Technology may be a viable option for reducing human immunodeficiency virus (HIV) risk in underserved families in rural communities, according to a new Vanderbilt report.
Researchers designed and evaluated the effectiveness of a technology-delivered HIV risk prevention program, Pathways for African American Success (PAAS), to address the comparatively high HIV rates in rural African American communities. PAAS is designed specifically to increase informational access to such communities, which are less likely to have access to in-person HIV support and prevention programs found in larger cities.
“Our findings suggest that the PAAS technology-delivered program is just as effective as an in-person, facilitator-led small group in dissuading HIV-related risk behaviors among rural African American youths,” said lead author Dr. Velma McBride Murry. “This fun, interactive program allows families to access sessions at their convenience and own pace, addressing a gap in eHealth digital programs.”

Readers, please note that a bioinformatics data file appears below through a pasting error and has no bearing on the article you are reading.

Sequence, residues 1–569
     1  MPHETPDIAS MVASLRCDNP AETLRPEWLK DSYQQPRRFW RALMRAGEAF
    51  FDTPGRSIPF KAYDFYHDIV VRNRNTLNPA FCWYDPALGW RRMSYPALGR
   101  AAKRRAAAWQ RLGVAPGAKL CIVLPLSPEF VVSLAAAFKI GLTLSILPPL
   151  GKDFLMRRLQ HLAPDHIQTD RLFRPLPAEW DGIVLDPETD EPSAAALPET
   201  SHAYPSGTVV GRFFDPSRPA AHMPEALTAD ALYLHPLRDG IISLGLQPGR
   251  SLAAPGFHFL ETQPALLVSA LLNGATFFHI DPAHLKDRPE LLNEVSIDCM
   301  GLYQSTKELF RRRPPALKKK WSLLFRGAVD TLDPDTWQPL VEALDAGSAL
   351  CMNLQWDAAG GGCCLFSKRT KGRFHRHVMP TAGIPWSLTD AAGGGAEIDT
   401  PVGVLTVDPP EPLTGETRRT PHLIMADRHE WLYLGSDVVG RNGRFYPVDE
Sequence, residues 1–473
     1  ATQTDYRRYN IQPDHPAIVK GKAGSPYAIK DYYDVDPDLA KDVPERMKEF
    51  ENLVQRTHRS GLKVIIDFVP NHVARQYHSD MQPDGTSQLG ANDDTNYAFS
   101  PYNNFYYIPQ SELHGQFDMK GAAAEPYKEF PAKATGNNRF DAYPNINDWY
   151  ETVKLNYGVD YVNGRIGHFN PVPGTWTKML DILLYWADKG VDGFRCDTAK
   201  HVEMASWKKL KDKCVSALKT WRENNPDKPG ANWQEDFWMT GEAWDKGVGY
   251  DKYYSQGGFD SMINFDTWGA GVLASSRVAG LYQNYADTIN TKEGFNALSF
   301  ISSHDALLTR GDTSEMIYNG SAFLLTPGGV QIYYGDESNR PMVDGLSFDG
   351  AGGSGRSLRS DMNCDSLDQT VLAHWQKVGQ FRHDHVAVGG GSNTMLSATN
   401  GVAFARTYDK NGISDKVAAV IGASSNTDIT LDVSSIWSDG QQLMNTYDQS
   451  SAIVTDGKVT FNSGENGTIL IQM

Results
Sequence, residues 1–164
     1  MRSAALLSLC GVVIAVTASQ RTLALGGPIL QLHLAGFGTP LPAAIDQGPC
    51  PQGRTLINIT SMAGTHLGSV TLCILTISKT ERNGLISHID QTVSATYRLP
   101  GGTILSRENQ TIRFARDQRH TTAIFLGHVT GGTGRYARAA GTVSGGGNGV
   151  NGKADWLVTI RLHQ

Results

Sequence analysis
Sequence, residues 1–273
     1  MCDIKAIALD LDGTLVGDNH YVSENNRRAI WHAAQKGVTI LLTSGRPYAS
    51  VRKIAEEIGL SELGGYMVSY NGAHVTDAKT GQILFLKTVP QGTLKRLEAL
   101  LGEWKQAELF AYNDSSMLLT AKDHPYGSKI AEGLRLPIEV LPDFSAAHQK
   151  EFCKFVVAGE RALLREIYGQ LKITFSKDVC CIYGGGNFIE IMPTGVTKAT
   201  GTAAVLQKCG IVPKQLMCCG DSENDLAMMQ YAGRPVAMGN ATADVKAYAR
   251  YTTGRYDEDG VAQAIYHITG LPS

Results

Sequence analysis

Dr. Murry collaborated with colleagues at Clemson University and Arizona State University on the study.
They found that compared with families who met with a facilitator in person, those in the PAAS online group demonstrated significantly stronger parent-child communication, including improved discussion quality, clearly articulated norms and parental expectations about risk engagement.
Technology-delivered programs for HIV prevention also are promising because they are more cost effective and less labor intensive than traditional small group-based preventive intervention programs.
This research was supported by the National Institute of Mental Health grant MH063043 and the Lois Autrey Betts Chair in Education and Human Development.Tags: Friday Letter Submission, Publish on September 06